Jump to Navigation

Facet Browse

Business and Industry -- Occupations/Professions -- Lawyers (Remove)
Business and Industry -- Occupations/Professions (Remove)
Page 8 of 29, showing 10 records out of 284 total, starting on record 71, ending on 80

| 4 | 5 | 6 | 7 | 8 | 9 | 10 | 11 | 12|

Title | Creator | Date Made Visible | None

Elisha J. Scott

Elisha J. Scott, 1890-1963, was raised in Topeka's Tennesseetown. As a youth, he possessed a strong drive and a quick wit, which attracted the eye of prominent Topeka minister Charles M. Sheldon. With financial support from Sheldon and his own abilities to succeed, Scott earned his law degree from Washburn College in 1916. During his long career as an attorney, he argued many civil rights and school segregation cases throughout Kansas and the Midwest. Two of Scott's sons, John and Charles, joined him in his law firm of Scott, Scott, Scott, and Jackson. Together they helped to prosecute, at the local level, the landmark civil rights case of Brown v. Topeka Board of Education.

previewthumb

Commercial Street, Lyons, Kansas

This photograph shows businesses along Commercial Street between East and West Avenues in Lyons, Kansas. Towards the right side of the picture are Swensson Drugs and, just a little farther to the right, Rexall Drugs. Other businesses visible include (from left to right) Chandler National Bank, Anderson Lunch, Groceries and Meats: A Home Grown Store, a lawyer's office, Jones Bakery, a furniture store, a men's wear store, and J. C. Penney Company. Three automobiles are visible parked along the street.

previewthumb

John James Ingalls to Elias T. Ingalls

Ingalls, John James, 1833-1900

Much of this interesting letter, dated November 21, 1858, from Sumner, Kansas Territory, describes the Ingalls law practice and the nature of a "frontier" court proceedings that often attracted "nearly all the population." According to Ingalls, "the chief difficulty arising [in the courts came] from the conflict of the two Codes, adopted by two hostile legislatures, each of which had adherents who call the other 'bogus.'" Ingalls also discussed the business of land sales, as something many others successfully combined with the practice of law.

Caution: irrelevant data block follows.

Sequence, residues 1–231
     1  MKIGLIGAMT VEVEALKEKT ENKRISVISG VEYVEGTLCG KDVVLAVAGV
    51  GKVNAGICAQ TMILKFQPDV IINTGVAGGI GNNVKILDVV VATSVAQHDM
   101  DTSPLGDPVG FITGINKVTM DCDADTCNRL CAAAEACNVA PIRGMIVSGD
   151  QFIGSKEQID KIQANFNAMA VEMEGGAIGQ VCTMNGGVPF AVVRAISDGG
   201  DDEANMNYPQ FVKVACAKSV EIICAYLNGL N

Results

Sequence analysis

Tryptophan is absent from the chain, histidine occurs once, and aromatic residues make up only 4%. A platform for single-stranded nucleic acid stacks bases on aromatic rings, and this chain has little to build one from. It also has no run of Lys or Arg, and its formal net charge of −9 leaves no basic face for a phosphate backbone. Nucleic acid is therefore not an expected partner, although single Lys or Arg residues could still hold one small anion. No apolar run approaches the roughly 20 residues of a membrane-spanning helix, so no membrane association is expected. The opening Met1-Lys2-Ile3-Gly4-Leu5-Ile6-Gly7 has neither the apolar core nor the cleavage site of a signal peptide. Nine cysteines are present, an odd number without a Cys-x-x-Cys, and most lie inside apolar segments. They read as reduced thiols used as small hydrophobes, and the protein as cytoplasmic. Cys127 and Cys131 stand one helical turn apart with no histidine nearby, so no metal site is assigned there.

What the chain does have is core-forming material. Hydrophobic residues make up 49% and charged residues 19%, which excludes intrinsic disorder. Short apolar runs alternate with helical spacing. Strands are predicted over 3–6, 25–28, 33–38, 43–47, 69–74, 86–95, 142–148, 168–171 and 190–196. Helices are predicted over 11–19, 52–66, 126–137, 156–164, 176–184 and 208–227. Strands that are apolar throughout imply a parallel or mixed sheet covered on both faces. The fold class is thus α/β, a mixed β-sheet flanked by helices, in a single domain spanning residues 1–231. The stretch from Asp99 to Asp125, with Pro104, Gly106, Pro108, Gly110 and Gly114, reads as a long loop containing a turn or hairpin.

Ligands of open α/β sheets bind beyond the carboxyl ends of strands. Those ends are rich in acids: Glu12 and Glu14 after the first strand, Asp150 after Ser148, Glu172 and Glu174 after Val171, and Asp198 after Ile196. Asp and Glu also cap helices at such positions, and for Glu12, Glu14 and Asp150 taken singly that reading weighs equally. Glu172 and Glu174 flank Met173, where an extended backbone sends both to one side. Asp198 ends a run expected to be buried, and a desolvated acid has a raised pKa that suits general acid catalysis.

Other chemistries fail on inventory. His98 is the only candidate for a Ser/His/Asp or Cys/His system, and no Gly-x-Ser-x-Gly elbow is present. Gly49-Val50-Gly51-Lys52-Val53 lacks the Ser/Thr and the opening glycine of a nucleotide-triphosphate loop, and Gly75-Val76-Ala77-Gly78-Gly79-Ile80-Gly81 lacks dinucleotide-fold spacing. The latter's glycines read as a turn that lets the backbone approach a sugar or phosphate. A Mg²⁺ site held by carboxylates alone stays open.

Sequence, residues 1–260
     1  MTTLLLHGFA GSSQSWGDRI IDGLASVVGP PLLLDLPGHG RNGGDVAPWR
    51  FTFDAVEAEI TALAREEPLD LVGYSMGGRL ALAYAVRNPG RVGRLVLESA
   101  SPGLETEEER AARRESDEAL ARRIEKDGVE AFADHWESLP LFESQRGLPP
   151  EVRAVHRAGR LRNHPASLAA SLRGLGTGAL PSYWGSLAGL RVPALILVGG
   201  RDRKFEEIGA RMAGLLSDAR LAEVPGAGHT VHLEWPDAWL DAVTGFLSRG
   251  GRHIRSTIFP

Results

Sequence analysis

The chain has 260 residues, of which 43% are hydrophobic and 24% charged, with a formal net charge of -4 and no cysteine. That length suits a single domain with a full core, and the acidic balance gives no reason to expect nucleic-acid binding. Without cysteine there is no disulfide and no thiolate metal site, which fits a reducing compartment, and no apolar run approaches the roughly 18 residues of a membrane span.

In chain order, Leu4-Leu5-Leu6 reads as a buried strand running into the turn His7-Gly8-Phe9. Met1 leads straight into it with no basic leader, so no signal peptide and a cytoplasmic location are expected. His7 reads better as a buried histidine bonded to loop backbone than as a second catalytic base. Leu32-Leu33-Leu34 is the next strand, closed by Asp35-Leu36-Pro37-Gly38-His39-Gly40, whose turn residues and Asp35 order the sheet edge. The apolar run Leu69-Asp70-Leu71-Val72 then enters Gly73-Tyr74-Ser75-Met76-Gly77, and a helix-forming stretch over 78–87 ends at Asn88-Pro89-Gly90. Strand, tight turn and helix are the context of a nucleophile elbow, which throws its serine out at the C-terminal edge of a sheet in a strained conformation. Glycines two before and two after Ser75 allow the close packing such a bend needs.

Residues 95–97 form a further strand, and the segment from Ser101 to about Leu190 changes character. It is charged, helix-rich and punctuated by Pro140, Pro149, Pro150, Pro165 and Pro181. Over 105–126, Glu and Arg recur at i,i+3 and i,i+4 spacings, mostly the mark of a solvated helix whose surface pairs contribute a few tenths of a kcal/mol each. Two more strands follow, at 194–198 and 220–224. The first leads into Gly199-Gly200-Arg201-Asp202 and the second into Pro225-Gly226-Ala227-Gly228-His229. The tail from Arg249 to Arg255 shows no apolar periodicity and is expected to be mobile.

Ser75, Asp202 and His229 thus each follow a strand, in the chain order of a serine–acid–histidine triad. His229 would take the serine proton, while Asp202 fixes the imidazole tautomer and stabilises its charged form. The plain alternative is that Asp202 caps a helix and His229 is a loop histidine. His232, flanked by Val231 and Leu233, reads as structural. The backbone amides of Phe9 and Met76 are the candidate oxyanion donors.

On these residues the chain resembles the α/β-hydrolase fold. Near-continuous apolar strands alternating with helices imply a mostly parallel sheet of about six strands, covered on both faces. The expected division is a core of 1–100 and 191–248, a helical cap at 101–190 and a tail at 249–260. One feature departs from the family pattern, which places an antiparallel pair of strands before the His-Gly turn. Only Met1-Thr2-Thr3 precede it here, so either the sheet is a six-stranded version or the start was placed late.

previewthumb

Salmon P. Chase

Salmon P. Chase was the Governor of Ohio from 1855 to 1860. As an attorney, he defended fugitive slaves and was active in the antislavery and free soil movements. He later served as Secretary of the Treasury under Abraham Lincoln. This image was taken later in his life.

previewthumb

Governor Payne Harry Ratner

This portrait represents Payne Harry Ratner. Ratner was the first resident of Labette County to be elected as County Attorney, holding office from 1923 to 1927. After serving as County Attorney, he went on to serve in the Kansas State Senate from 1929 to 1939, and then later served two terms as Kansas Governor from 1939 to 1943. Notable programs during his administration was implementing a teachers? pension plan and a state employee merit system.

previewthumb

Franklin George Adams' Residence, Topeka, Kansas

A sepia colored photo of Franklin George Adams' residence on the S.W. corner of Fifteenth and Mulvane streets in Topeka, Kansas. F. G. Adams, one of Kansas' most prominent settlers, was a free-stater and member of the Leavenworth Constitutional Convention of 1858. In 1862, he drafted the law providing for the organization of the state's agriculture society and served for three years as the society's secretary. In addition to his appointment as agriculture secretary, Adams was Clerk of the United States District Court from 1863 to 1864. Following this position, Adams was appointed United States Indian Agent to the Kickappos from 1865 to 1869. Adams' greatest and lasting contribution as a public servant was his appointment, in 1875, as secretary of the Kansas Historical Society. During his tenure as secretary, Adams dedicated his time and effort to build the society's collection of original documents for future generations to study and interpret the state's history.

previewthumb

Keith George Sebelius

This is a photo of Keith George Sebelius of Norton, Kansas. Sebelius served as Republican State Senator, 1962-1968, and in the U. S. House of Representatives, 3rd District, 1969-1981.

previewthumb

A. J. Beach to Samuel N. Wood

Beach, A. J.

As in his earlier letter to Samuel Wood of April 22, A. J. Beach, of Beach Valley, Kansas Territory, describes his Cow Creek bridge dispute with William Edwards and O. G. Stanley. In this letter, Beach officially retains the services of Wood & Perkins to sue Edwards and Stanley for damages. "I can prove," wrote Beach, "that they have asked trains to cross their bridge, taken toll on it, and repaired it with the avowed intention of making it a free bridge and taking the travel away from mine." Beach claims to be losing $20 a day in tolls.

previewthumb

Harry Brice, Cimarron, Kansas

This is a photograph of Harry Brice, an attorney from Cimarron, Kansas. Brice, a Democrat, represented District 120, in the 1915 Kansas House of Representatives.

previewthumb

Vern Miller and Brian Moline

Heinemann, David

A photograph showing Vern Miller, former Kansas Attorney General and Sedgwick County attorney and sheriff, and Brian Moline, an attorney, former chairman of the Kansas Corporation Commission and a Wichita state legislator. The photograph was taken at the Kansas State Historical Society's annual meeting.

previewthumb
| 4 | 5 | 6 | 7 | 8 | 9 | 10 | 11 | 12|

Business and Industry -- Occupations/Professions

Agriculture

Built Environment

Business and Industry

Collections

Community Life

Curriculum

Date

Education

Environment

Government and Politics

Home and Family

Military

Objects and Artifacts

People

Places

Thematic Time Period

Transportation

Type of Material